I Smell Packets


Solution to the “Check It Out” Packet Challenge using Scapy
April 22, 2011, 1:03 am
Filed under: Packet Challenge, scapy | Tags: , ,

Here’s a nifty solution to the “Check It Out” Packet Challenge by StalkR (@stalkr_ on Twitter) that uses Scapy:

StalkR writes:

Just seen the challenge and wanted to try 🙂

1) save the hexdump on the blog post into packet.txt

2) turn it back into a hex string
$ awk ‘$0!=””{print $0}’ packet.txt |sed ‘s/ //g’ |tr -d ‘\n’ > packet.hex

3) run scapy
$ scapy
Welcome to Scapy (2.1.0)

4) load hex and decode
$ scapy
>>> p = open(‘packet.hex’).read().decode(‘hex’)
>>> p
‘E\x00\x05\’\x00\x01@\x0[…]’

5) load it as an IP packet
>>> p = IP(p)
>>> p
<IP  version=4L ihl=5L tos=0x0 len=1319 […] chksum=0x0

6) remove chksum to force calculation
>>> p.chksum = None

7a) force calculation of chksum either with show2()
>>> p.show2()
###[ IP ]###
[…]
chksum= 0xb27c

7b) or just turn packet into string and load it again:
>>> ‘0x%04x’ % IP(str(p)).chksum
‘0xb27c’

Hurray for scapy \o/

Chris continues:

Very cool use of scapy.  What other tools could we use to solve this?

As always, if you’d like to submit a challenge to http://www.ismellpackets.com contact me at chris (dot) christianson (at) gmail (dot) com.

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The “Ping me!” Packet Challenge Solution
October 5, 2010, 1:39 am
Filed under: Packet Challenge, scapy, spoof | Tags: , ,

The winner of The “Ping me!” Packet Challenge is Johannes Ullrich (@johullrich on Twitter) Here’s Johannes’ solution:

Johannes writes:

I used scapy to craft the response. Here is the scapy command line sequence with explanation:

e=Ether(dst=’00:0c:29:a6:5e:2f’, src=’00:0c:29:48:55:1f’, type=0x0800);

The ethernet header: Just reverse source and destination, but keep the type the same.

i=IP(version=4, ihl=5, tos=0, len=36, id=1234, flags=0, frag=0, ttl=64, proto=1, src=’192.168.200.129′,dst=’192.168.200.128′);

For the IP header:
– – we swap the source/destination, but keep everything else the same. TTL could of course be different but lets just assume that the receiving host also uses a Unix’isch starting TTL of 64. I picked a different IP ID just to make a point that it is not necessarily the same as the inbound one.

The ICMP Header:

ic=ICMP(type=0, code=0, id=1, seq=555);

type and code is ‘0’ for an ICMP echo reply. The ID and sequence number have to be the same as in the request.

The payload is the same as the request (Ping me!).

So the complete packet:

p=e/i/ic/’Ping me!’

and then send it at layer 2: sendp(p) (optionally, we could specify the interface here).


Here is the packet as received by tcpdump using the ‘xx’ option to inspect the full ethernet header:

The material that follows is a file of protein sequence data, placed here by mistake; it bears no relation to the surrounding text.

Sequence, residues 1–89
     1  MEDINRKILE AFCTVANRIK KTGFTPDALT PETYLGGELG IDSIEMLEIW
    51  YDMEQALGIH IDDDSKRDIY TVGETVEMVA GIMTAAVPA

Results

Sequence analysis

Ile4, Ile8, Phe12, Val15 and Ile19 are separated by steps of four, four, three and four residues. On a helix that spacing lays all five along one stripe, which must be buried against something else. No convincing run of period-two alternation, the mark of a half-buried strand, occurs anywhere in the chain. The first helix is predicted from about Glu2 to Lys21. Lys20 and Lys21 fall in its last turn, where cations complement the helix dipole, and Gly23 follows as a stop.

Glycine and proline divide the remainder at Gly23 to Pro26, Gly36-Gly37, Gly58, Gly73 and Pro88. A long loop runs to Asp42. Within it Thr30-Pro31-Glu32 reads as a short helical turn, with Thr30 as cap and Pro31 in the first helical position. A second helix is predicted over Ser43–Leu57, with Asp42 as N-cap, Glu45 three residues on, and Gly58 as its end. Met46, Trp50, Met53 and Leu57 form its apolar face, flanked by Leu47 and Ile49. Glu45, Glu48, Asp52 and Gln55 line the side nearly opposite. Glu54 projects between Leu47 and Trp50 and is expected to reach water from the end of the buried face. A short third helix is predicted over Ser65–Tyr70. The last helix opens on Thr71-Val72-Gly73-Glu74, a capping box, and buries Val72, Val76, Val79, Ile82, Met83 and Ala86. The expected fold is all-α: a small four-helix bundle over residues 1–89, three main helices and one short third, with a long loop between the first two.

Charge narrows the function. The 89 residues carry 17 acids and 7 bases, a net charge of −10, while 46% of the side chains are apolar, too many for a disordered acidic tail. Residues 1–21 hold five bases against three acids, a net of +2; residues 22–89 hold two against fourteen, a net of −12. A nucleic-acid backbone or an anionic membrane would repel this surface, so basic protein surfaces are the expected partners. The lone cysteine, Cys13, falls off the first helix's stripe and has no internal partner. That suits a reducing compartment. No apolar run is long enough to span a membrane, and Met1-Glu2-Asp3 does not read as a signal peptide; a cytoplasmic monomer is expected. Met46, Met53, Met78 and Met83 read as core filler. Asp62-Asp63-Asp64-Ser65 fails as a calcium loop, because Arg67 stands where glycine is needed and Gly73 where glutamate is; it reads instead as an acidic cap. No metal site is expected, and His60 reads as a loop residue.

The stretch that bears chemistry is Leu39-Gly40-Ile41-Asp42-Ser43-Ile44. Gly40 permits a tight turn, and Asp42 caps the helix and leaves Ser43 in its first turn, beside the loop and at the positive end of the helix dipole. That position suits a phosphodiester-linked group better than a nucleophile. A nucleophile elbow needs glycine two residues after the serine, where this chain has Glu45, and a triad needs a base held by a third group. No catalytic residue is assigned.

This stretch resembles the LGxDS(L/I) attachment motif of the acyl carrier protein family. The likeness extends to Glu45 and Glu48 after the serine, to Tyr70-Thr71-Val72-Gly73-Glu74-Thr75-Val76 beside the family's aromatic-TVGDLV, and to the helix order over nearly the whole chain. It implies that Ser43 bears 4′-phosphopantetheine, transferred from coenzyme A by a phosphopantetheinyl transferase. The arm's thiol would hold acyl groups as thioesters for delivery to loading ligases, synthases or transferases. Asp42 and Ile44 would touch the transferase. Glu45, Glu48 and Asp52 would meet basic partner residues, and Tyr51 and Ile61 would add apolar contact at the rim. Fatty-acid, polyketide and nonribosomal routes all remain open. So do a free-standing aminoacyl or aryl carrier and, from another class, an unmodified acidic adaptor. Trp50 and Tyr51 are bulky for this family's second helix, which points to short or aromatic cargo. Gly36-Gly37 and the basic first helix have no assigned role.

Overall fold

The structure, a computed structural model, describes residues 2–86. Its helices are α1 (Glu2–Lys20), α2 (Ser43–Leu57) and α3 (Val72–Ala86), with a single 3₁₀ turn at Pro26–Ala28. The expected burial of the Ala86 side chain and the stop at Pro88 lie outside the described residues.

02:19:27.048612 IP 192.168.200.129 > 192.168.200.128: ICMP echo reply, id 1, seq 555, length 16
0x0000:  000c 29a6 5e2f 000c 2948 551f 0800 4500
0x0010:  0024 04d2 0000 4001 63b4 c0a8 c881 c0a8
0x0020:  c880 0000 b974 0001 022b 5069 6e67 206d
0x0030:  6521

 

Chris continues:

Congrats Johannes!  Of course if Johannes enters he’s going to win. 🙂  Honorable mention goes out to Jon Wohlberg who used Nping to craft the ICMP echo reply.  I’ll post Jon’s solution tomorrow.



SANS SEC567: Power Packet Crafting with Scapy Debut at Sacramento!
October 22, 2009, 2:34 pm
Filed under: SANS, scapy

I have the opportunity to teach the brand new SANS SEC567: Power Packet Crafting with Scapy course!

If you’re not familiar with Scapy, Scapy is an unbelievably powerful tool that you can use to create all sorts of different packets. If you’ve ever needed to test an IDS/IPS rule, check weather or not a firewall will block something, or test some application to see how it reacts to certain traffic (like for a penetration test for example) Scapy can make your job easier.

The course was written by Judy Novak who used to work for Sourcefire. While at Sourcefire, Judy was responsible for testing IDS/IPS solutions and used Scapy extensively for doing so. She does an excellent job of explaining everything from basics to even the more advanced techniques. The course is jammed packed full of exercises. By the end of the day I can assure you that you will be able to craft some pretty awesome packets.

This course will be having it’s debut in Sacramento. Since this is a debut, you have the opportunity to take the course for half price! How’s that for a bargain? In return, all we ask is that you provide us with some feedback.

If you’d like more information or if you’d like to sign-up, please follow the link below:

SANS: SEC567 Power Packet Crafting with Scapy Debut at Sacramento – Power Packet Crafting with Scapy



Answer to Caesar’s Challenge
June 12, 2009, 12:59 am
Filed under: Caesar cipher, file, Packet Challenge, scapy